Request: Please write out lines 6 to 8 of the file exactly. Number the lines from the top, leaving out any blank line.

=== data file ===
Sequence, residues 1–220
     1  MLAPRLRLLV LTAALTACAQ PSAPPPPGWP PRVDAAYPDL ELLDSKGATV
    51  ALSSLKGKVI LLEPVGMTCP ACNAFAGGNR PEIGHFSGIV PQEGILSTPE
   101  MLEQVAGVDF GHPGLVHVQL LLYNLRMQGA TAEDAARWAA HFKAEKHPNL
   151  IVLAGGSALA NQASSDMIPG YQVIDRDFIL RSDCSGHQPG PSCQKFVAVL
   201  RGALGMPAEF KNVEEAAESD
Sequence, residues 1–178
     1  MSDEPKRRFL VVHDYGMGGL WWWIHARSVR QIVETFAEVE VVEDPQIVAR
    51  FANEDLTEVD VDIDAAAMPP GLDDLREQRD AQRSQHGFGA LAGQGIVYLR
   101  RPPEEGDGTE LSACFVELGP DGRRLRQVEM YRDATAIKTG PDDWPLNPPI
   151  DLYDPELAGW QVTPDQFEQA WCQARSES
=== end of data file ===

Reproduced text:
   201  RGALGMPAEF KNVEEAAESD
Sequence, residues 1–178
     1  MSDEPKRRFL VVHDYGMGGL WWWIHARSVR QIVETFAEVE VVEDPQIVAR